Local News

April 8, 2013

Coroner Bobbie Dixon has shown her concern for families in aftermath of death for 20 years


Planting the seeds

The seeds for Dixon’s election to the coroner’s office were actually planted in the 1980s when she and her late husband, Donald,  owned and operated Dixon Ambulance Service in Whitfield County for six-and-a-half years. After selling the business and opening a florist shop called Bobbie’s, she was encouraged by some prominent local medical leaders to run for coroner in 1992. Her caring attitude struck a chord with voters, and she’s never been challenged since.

While she modestly says she doesn’t “have a clue” why voters have responded so positively to her, Dixon says she appreciates all their support. “I appreciate ’em all,” she says. “I guess God’s been with me. I couldn’t do it without him because sometimes … a lot of times, I say, ‘God, get me out of this one, and I’ll get out of the next one myself.’ That happens many times.”

The compassion she’s shown to families visited by death and serious illness during the past 20 years goes back a lot longer than just 1993.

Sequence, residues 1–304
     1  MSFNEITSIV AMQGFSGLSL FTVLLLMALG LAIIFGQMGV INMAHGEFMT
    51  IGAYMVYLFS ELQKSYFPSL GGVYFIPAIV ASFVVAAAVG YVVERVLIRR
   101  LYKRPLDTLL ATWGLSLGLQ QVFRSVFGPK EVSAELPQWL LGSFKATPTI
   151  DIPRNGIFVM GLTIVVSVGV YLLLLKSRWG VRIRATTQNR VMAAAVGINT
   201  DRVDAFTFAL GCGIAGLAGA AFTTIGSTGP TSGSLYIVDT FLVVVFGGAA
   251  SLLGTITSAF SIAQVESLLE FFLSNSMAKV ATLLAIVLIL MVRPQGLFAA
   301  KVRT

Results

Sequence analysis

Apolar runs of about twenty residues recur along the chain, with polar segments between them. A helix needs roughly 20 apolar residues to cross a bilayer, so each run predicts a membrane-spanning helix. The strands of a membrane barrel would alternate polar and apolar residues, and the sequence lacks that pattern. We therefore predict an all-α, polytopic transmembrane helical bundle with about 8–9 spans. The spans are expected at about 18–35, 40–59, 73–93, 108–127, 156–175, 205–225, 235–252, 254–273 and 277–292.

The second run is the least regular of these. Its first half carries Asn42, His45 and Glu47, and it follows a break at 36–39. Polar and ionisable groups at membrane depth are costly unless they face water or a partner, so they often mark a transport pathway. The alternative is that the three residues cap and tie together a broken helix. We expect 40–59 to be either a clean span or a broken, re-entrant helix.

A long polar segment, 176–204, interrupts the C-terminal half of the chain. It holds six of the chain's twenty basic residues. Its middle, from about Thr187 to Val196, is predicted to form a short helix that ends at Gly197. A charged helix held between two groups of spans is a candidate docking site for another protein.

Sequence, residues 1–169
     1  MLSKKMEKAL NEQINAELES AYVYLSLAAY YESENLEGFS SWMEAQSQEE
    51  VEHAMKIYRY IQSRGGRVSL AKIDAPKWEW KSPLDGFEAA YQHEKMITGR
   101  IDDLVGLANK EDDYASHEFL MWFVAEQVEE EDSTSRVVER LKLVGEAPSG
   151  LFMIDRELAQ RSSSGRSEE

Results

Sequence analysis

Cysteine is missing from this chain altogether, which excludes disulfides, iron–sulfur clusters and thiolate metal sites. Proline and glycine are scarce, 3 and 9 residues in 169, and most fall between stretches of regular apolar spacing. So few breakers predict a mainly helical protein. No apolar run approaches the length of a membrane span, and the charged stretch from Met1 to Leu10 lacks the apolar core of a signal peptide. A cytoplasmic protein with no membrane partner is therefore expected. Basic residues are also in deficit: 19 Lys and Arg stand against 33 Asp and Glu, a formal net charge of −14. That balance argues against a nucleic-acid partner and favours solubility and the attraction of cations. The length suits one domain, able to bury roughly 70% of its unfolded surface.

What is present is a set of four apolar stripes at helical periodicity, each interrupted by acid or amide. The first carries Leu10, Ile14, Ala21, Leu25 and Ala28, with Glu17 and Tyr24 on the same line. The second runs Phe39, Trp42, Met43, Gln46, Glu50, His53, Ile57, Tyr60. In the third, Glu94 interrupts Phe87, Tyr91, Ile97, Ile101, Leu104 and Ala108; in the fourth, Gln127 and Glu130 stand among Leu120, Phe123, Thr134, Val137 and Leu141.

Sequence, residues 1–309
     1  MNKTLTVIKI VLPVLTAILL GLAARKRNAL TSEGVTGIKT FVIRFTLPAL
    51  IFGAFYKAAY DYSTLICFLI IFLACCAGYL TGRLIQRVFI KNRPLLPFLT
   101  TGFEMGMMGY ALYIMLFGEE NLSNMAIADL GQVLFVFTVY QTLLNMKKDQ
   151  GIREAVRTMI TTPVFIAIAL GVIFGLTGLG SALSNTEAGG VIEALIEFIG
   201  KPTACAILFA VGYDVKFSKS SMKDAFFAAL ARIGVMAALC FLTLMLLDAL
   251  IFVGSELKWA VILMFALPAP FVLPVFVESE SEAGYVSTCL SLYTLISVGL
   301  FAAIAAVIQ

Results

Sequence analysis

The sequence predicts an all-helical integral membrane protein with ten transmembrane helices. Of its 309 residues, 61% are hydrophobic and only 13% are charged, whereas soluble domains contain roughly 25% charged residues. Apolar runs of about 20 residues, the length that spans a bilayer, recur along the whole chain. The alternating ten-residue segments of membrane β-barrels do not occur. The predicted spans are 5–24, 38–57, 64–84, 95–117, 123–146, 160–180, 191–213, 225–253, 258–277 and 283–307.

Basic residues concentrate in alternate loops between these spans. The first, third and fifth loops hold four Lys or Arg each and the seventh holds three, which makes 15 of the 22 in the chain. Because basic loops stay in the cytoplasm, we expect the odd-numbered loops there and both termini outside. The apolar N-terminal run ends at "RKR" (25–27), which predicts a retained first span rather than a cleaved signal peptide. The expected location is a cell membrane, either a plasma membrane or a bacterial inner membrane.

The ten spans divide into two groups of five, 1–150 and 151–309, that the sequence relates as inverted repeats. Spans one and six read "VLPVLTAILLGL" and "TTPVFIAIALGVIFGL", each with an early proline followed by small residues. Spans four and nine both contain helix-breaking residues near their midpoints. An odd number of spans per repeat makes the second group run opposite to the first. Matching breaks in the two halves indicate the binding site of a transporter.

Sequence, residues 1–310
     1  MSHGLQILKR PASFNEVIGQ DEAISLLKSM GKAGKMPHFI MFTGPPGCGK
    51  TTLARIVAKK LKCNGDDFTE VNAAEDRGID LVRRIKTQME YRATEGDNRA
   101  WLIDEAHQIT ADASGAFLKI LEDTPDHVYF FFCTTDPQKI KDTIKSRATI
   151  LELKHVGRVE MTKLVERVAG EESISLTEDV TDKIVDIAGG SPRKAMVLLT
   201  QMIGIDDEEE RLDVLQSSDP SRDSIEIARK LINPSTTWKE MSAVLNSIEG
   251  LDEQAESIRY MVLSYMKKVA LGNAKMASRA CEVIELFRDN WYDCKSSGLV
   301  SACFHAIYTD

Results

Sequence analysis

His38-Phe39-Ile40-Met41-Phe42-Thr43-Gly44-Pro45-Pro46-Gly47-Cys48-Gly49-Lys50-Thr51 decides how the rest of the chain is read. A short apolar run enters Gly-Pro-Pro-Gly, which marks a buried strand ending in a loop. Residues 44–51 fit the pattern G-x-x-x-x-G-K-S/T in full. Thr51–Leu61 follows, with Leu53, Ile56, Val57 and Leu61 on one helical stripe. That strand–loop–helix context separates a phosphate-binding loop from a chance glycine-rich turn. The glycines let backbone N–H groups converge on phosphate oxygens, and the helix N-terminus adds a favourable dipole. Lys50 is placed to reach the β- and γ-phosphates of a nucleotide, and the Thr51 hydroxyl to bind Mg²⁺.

While she and Donald were running the ambulance service, they became a big supporter of the work done by the Shriners and their children’s hospitals.

“We transported I don’t know how many children,” she says. “We’d either take them to the airport or transport them to Augusta to the burn center. We never made a ticket on them, never charged them nothing to take them. They’d be burnt so bad … you can’t hand nobody a charge for something like that. Donald would just say we’ll make it up somewhere else.”

The “payment” sometimes came years later in a non-monetary way.

After transporting a young girl with swelling on the brain to the hospital many years ago, the girl, now married with two children of her own, dropped by to see Dixon one day.

“She said, ‘Do you know who I am?’” Dixon says. “I said, ‘I’m sorry but I don’t.’ Then she told me about that trip, and ‘Oh, honey, yes I do, I know who you are now.’ She said, ‘Yep, you rode with me to Atlanta when I was so sick.’”

Just recently, Dixon answered a call where a man had just died, and his wife looked at her and said, “You don’t remember me, do you?”

“I said, ‘I’m sorry but I don’t.’ She said, ‘Did you ever ride to Atlanta with a little 3-month-old kid that had pericarditis?’ I said, ‘Yes, I did.’ She said, ‘That was my son. He’s 35 now, and you know, they told us when y’all left out with him that y’all might not make it to Atlanta.’ I said, ‘Tell me about it! Me and Dr. Spanger fought with that baby; we ambo’d him all the way to Atlanta and they finally got that infection out from around his heart and he pulled through it.’”

Dixon also receives Christmas cards from out-of-town families whose loved one’s death here was investigated by her and she made a lasting impression on them.

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